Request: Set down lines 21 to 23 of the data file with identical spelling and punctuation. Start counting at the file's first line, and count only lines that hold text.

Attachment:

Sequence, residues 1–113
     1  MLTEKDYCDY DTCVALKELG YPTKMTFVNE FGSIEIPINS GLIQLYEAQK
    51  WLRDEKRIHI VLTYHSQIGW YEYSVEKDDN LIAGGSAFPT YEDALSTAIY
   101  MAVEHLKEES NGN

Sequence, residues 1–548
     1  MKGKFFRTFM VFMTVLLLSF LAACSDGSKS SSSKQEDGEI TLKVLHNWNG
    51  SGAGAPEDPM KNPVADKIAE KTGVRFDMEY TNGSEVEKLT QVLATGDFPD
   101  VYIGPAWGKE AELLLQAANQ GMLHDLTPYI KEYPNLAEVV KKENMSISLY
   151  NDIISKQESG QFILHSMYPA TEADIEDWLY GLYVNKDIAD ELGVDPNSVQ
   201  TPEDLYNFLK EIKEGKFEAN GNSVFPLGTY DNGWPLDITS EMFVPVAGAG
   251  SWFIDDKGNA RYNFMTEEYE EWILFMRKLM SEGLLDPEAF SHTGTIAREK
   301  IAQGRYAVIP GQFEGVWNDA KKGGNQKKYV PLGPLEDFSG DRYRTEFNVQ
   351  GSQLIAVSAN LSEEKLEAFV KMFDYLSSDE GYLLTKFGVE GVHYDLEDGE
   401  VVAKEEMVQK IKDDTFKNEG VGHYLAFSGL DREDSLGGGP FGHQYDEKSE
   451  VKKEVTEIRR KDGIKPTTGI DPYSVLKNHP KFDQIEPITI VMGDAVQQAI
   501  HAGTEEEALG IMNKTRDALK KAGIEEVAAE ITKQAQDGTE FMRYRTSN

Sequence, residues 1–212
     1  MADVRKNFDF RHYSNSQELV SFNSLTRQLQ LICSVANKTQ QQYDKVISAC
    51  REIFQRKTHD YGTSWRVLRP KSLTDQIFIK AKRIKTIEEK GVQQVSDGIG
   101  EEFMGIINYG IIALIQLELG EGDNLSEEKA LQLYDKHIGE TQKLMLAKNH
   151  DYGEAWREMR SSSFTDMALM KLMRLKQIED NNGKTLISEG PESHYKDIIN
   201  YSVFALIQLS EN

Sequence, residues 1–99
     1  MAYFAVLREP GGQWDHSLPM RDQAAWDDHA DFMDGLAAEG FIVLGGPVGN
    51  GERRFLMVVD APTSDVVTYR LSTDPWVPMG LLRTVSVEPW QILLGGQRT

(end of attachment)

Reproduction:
   151  DYGEAWREMR SSSFTDMALM KLMRLKQIED NNGKTLISEG PESHYKDIIN
   201  YSVFALIQLS EN

Sequence, residues 1–99